Geometry, trigonometry, geography...and aviation. Teach your students about the way airplane pilots compensate for the effect of wind on a flight path.
In 240 B.C., Eratosthenes knew the Earth was round and proceeded to measure its circumference. Airplane pilots ever since have used “great circle routes” for long-distance flights to save time and fuel—along with careful consideration of the wind flowing around the Earth.
Introduce (or re-introduce) your students to Eratosthenes, then show them how student pilots graph “wind triangles” to visualize the effect of wind on a flight. In the process, we’ll discuss geometry, trigonometry, mathematics—and some history—in a lively, practical way.
All you need is a protractor, a ruler, and a blank piece of paper for each student. [Templates for creating your own paper or cardstock protractors and rulers are included in case you don’t have those items handy in your classroom.]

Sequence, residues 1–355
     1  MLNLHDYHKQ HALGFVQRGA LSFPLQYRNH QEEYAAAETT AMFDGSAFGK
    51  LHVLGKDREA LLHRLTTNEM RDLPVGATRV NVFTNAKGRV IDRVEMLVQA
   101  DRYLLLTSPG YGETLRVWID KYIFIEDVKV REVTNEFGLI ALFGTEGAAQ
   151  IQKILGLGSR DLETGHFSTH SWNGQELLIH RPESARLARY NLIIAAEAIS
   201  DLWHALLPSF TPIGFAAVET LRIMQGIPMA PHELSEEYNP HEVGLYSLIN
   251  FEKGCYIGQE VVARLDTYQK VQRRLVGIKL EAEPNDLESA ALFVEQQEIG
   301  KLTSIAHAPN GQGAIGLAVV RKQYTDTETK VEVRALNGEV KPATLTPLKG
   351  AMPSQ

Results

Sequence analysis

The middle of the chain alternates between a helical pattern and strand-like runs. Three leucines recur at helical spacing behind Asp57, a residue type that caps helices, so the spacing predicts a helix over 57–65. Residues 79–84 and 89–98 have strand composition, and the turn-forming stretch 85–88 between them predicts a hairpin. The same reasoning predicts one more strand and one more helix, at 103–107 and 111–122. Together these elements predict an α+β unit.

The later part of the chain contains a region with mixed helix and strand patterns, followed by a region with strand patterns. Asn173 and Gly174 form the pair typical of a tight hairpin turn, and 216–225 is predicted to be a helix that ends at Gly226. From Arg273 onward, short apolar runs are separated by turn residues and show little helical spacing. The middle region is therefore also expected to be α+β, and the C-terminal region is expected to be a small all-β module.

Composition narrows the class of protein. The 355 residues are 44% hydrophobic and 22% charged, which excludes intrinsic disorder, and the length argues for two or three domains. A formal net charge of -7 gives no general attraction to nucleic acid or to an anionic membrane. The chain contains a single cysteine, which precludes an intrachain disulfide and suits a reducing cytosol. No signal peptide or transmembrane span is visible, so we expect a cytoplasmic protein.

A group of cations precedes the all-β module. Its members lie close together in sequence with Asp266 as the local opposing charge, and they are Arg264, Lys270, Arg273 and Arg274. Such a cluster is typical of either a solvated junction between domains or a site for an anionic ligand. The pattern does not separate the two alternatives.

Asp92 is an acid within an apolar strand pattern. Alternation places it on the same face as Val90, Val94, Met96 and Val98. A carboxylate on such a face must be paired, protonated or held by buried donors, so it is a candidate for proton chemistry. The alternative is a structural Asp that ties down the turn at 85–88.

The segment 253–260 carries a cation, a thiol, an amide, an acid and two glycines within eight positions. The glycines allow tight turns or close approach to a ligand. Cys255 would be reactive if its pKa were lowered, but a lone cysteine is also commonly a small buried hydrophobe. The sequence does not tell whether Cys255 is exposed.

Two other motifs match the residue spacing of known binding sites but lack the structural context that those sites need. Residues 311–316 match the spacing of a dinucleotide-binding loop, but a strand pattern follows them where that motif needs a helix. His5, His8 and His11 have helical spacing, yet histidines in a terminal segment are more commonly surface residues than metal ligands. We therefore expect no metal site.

When we graph three items of information:
1. True Course (or Track),
2. Wind Direction and Speed, and
3. The Airplane’s Airspeed;
We can determine :
5. Wind-Correction Angle, and
6. True (wind-corrected) Heading.
Then it is possible to calculate the en route time of a flight.
We'll obtain the “magnetic variation” for the flight route from an aeronautical chart (illustrated in the slideshow) that will be added to or subtracted from the true heading, as appropriate, to give us the magnetic heading.
Along the way, your students will learn about the two
“North Poles” (and “South Poles”) and why a flight that departs Chicago, Illinois, USA for Beijing, China flies northwest instead of west for the first couple of thousand miles.
The slideshow concludes with an examination of Amelia Earhart’s navigation log
for her 18-hour flight from Honolulu, Hawaii to Oakland, California in 1935.
A 12-question quiz is included in both PDF and (editable) Microsoft Word formats.
The slideshow is provided in PowerPoint Show format, only,
because certain graphic elements (the protractors) do not display properly in the PDF format.
I hope you and your students enjoy using this unit!
BGI (Basic Ground Instructor) and
Instrument-Rated Private Pilot
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